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The purpose of this paper is to revisit Russell Belk’s (1988) landmark paper “Possessions and the extended self”. The authors provide a prehistory of related ideas and…
The purpose of this paper is to revisit Russell Belk’s (1988) landmark paper “Possessions and the extended self”. The authors provide a prehistory of related ideas and then examine the controversy it triggered regarding the different paradigms of research in marketing (Cohen, 1989) some 26 years ago.
This paper takes Belk seriously when he argues that his work is a synthesis and extension of prior studies leading to the novel production of the “extended self” concept. Via a close reading of the history of self-constitution, the authors highlight a number of thinkers who were grappling with similar issues now associated in our disciplinary consciousness to the idea of the “extended self”. To assess the contribution of Belk’s work, the authors engage in citation and interpretive analyses. The first analysis compared scholarly citations of Belk (1988) with the top ten most-cited Journal of Consumer Research (JCR) papers published in the same year. The second citation analysis compared Belk (1988) to the top ten most-cited JCR papers in the history of the journal. The authors follow this with an interpretive analysis of Belk’s contribution to consumer research via his 1988 paper.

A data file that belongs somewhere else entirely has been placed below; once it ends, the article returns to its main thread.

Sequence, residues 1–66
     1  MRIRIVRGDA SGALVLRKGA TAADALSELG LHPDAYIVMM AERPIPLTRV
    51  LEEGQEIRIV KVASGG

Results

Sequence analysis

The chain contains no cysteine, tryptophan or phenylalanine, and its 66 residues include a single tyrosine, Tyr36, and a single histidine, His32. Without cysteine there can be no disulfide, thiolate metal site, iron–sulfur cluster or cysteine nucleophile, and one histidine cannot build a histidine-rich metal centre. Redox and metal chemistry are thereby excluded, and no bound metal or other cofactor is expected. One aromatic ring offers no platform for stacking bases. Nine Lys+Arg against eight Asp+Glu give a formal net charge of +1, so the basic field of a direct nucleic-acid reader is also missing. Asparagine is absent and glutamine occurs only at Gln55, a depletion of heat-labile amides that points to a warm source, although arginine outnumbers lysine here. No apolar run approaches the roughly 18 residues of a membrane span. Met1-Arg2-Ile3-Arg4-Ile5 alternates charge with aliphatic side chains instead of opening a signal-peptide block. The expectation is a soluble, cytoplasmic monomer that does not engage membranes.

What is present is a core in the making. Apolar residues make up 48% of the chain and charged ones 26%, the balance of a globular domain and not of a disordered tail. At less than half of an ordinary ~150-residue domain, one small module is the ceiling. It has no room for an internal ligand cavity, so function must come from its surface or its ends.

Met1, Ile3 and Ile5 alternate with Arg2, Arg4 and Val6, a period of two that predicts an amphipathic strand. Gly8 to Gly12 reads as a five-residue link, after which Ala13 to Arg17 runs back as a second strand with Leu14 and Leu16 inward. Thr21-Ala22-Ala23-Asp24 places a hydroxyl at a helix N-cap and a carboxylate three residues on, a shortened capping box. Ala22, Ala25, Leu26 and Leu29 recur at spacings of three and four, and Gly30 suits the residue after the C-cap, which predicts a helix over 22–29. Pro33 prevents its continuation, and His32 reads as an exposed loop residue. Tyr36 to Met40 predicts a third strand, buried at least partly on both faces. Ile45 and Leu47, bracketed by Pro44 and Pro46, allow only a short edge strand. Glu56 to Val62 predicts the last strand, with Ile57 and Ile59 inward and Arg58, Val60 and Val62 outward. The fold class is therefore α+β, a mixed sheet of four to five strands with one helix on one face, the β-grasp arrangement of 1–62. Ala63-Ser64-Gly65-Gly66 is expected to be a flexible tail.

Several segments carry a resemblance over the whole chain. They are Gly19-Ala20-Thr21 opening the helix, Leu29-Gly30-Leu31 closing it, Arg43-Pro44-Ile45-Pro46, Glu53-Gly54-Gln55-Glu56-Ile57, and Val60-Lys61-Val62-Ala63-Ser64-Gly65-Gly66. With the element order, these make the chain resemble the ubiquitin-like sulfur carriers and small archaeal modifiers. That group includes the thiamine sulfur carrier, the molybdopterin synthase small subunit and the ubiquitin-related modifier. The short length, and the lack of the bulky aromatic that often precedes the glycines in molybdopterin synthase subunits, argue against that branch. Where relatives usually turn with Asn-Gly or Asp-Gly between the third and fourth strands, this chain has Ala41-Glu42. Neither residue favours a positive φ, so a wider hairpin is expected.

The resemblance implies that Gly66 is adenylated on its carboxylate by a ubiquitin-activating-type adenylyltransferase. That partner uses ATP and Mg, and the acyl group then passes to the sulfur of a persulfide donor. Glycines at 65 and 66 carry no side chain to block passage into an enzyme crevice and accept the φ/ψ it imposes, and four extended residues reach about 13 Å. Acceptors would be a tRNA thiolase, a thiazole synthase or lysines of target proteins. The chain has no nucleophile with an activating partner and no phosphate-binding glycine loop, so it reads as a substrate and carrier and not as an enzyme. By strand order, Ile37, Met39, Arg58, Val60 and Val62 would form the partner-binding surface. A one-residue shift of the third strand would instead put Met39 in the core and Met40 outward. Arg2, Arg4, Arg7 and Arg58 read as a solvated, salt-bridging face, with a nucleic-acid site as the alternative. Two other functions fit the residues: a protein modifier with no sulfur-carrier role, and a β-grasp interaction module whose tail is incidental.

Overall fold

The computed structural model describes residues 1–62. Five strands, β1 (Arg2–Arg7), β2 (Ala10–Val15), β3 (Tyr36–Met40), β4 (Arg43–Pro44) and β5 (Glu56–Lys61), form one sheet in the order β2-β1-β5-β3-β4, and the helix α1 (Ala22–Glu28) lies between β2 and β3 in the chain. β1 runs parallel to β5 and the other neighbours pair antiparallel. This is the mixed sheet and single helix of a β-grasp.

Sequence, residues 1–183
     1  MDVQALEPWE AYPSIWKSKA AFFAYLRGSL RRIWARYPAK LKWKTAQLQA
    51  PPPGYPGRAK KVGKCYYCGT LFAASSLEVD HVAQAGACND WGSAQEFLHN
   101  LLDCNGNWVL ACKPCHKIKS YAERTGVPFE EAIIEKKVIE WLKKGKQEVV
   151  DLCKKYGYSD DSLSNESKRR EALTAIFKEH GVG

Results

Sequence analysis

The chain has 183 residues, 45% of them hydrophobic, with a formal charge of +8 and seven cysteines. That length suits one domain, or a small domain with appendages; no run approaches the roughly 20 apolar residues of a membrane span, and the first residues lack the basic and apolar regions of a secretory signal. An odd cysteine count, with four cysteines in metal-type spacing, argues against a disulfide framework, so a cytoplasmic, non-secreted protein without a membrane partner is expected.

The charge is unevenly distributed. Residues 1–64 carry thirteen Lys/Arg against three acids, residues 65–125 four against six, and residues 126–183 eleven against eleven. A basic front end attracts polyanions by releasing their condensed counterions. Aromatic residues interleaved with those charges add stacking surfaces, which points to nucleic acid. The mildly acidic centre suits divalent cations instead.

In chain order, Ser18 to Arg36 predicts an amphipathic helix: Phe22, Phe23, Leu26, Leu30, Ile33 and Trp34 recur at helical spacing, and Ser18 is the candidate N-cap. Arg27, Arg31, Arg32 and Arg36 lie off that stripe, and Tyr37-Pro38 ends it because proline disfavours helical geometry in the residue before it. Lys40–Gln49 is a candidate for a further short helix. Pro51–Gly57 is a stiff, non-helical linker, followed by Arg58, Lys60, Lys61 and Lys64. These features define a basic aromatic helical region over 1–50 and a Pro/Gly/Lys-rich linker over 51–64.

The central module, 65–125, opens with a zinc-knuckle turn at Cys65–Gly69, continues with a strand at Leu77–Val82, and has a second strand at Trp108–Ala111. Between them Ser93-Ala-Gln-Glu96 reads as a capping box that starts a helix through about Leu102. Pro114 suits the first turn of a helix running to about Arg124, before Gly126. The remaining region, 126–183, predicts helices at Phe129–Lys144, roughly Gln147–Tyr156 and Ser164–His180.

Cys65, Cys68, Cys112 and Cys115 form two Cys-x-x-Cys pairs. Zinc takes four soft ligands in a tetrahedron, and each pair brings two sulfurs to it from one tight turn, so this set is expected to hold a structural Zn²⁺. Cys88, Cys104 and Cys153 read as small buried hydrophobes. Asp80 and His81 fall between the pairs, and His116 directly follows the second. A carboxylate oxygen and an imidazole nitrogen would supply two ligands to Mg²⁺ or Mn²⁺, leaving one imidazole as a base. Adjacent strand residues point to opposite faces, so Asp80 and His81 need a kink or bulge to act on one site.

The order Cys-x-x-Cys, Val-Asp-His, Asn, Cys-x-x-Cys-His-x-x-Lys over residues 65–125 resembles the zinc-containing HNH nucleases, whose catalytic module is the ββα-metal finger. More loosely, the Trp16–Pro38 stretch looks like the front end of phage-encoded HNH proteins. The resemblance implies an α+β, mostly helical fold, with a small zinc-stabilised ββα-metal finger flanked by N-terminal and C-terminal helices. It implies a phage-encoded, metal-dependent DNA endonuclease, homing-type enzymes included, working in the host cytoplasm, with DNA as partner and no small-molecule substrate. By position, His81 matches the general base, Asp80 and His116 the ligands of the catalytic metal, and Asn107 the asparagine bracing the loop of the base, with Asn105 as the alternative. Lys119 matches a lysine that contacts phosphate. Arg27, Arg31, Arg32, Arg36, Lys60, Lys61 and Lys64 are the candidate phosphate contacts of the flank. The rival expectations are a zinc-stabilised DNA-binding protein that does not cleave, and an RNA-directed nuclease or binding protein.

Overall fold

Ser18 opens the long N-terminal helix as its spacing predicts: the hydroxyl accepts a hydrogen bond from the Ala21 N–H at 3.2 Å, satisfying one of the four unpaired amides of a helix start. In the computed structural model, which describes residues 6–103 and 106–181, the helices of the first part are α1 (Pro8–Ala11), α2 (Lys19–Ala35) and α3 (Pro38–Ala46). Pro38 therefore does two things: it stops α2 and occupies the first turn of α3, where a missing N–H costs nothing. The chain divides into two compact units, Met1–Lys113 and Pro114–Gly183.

Belk (1988) had the most citations (N = 934) of any paper published in JCR in 1988. When compared to all papers published in the history of JCR, Belk (1988) leads with the most overall citations. Moreover, Belk (1988) is the most prominent interpretive paper that appeared in JCR and one of the top three, regardless of paradigm. The analysis illustrates diversity in topic and methodology, thus indicating that Belk’s contribution impacted a wide variety of scholars. Interpretive analysis indicates the importance of Belk’s work for subsequently impactful consumer researchers.